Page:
The Cinefessions crew loves sharing their opinions on films, but not every movie can get the attention it deserves with a full review. Enter the Cinefessions’ Capsule Reviews. These capsule reviews cover five of the most important aspects of a film, which allow the crew to deliver their opinions on any movie clearly, decisively, and with brevity. These are not our full thoughts on any film, just a highlighting of the major pros and/or cons.
The actors are all believable, and play the “mumblecore” expertly. The problem is that they’re playing incredibly unlikable characters. There is the insanely jealous girlfriend, the asshole failed actor, and the flirtatious ex-girlfriend to name a few. Not only are they just annoying, when a simple act like the lights going out happens, this group of 30-somethings all start freaking out as if they’ve never been in a blackout before. It was mind boggling how they handled the situation, and these two major points nearly killed the movie for me in the first 30 minutes.
Story & Script
Fortunately the time travel aspect of the movie picks up at around the 30-minute mark and things start to get interesting quickly. It takes a while to get there, but once there, it starts to move briskly. The script itself is almost entirely improvised, which is an impressive feat in itself.
Here is the reason I watched this movie: a director – James Ward Kyrkit – invited seven of his friends over for dinner one evening. They all happened to be actors as well. What would follow is five nights of improvisation with the actors only given character relationships and some brief direction. This is a dream project for me as an actor. I would love being a part of this. The fact that this is how the director handled this film, and then put together something this coherent (pun intended) is incredible. Byrkit clearly is going for an independent feel for this movie, and there are some shaky cam moments and out of focus shots, but they add to what the director is intending instead of detracting from it.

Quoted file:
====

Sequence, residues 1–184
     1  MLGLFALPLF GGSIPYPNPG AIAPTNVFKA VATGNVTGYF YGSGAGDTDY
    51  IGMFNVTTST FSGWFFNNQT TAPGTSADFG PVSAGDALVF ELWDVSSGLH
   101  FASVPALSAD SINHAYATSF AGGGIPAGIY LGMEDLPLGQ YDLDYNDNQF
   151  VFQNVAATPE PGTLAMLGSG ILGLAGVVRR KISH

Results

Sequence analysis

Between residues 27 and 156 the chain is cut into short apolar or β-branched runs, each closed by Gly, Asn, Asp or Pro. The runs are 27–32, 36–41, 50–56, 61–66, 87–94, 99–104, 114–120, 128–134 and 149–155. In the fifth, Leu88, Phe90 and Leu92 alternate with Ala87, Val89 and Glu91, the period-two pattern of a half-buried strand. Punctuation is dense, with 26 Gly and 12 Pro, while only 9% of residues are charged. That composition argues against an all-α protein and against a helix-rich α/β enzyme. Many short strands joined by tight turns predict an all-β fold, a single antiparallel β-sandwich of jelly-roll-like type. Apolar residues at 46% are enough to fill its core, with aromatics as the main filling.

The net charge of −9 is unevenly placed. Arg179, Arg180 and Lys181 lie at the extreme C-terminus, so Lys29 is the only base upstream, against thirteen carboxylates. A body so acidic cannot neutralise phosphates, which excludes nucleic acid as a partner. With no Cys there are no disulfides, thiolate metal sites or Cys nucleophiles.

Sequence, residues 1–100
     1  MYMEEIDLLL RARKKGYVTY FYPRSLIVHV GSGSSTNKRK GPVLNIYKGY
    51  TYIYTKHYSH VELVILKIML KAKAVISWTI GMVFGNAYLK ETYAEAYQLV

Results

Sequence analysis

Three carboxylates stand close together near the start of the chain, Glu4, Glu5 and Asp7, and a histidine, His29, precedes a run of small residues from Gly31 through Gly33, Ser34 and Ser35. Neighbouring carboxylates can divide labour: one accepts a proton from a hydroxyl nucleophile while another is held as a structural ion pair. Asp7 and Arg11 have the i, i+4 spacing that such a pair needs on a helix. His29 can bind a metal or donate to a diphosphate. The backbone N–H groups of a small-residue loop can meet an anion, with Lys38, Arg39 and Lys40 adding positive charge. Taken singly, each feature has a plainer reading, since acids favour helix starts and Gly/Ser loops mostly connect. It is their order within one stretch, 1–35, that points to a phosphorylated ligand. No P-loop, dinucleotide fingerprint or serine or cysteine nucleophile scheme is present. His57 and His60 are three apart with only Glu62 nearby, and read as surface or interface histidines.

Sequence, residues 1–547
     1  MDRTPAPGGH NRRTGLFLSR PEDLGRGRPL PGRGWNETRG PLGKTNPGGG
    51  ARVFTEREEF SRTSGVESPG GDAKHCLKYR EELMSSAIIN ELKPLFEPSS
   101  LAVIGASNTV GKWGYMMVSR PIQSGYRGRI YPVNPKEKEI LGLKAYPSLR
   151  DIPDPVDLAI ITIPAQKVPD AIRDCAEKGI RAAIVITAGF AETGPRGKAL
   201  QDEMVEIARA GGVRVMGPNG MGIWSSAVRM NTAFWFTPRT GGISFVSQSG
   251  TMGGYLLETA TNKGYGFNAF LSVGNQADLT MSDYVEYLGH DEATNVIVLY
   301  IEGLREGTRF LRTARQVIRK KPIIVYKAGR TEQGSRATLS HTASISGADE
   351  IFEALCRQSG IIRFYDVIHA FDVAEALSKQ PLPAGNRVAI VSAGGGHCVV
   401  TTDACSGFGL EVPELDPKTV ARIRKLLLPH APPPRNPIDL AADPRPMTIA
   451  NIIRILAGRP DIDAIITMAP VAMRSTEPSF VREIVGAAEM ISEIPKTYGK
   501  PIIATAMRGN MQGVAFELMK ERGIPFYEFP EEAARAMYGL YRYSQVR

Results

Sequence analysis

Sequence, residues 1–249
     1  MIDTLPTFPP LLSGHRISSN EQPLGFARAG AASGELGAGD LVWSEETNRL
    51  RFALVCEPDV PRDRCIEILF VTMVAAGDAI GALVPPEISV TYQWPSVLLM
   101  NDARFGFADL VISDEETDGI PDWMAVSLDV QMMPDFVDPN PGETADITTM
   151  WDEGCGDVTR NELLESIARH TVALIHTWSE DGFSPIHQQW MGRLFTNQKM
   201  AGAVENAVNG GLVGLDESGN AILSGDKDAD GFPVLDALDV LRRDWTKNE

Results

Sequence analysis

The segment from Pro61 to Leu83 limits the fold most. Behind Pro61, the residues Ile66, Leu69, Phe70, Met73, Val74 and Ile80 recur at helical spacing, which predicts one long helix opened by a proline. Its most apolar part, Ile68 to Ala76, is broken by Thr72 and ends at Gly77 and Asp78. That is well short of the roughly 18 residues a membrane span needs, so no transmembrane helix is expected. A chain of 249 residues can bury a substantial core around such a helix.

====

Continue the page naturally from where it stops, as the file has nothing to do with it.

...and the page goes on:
We recently covered another time travel movie here at Cinefessions during a podcast called +1. This is a better time travel film, and it really isn’t that different from what is going on here. Coherence follows annoying adults while +1 follows mostly likable teenagers, if you can believe that. There are moments in Coherence, though, that made the hairs on my arms stand up, exclusively towards the end of the film. There are no straight answers, which I can appreciate in a time travel flick.
As annoying as these characters were, I would watch Coherence again to see if there is anything I missed the first time around.
Coherence is an admiral effort; it’s a risk that mostly pays off. Though it won’t have a huge audience, time travel fans will surely want to check it out. Just give it time to find its flow about 30 minutes in.
Branden has been a film fan since he was young, roaming the halls of Blockbuster Video, trying to find the grossest, scariest looking VHS covers to rent and watch alone in the basement. It wasn’t until recently, though, that Branden started seeking out the classics of cinema, and began to develop his true passion for the art form. Branden approaches each film with the unique perspective of having studied the art from the inside, having both a bachelor’s and master’s degree in acting. He has been a film critic since 2010, and has previously written for Inside Pulse Movies, We Love Cult, and Diehard Gamefan. His biggest achievement as a film critic, to date, has been founding Cinefessions and turning it from a personal blog to a true film website, housing hundreds of film and television reviews, and dozens of podcasts.
Good review Branden. It works as a simple piece of sci-fi. However, when it plays its hand a bit too much, it felt unneeded. Still, for a micro-budget flick, I was surprised.
Yeah, you nailed it Dan. I think a trap many time travel films run into is trying to make things over-complicated, and I think COHERENCE avoids most of that, which works in its favor.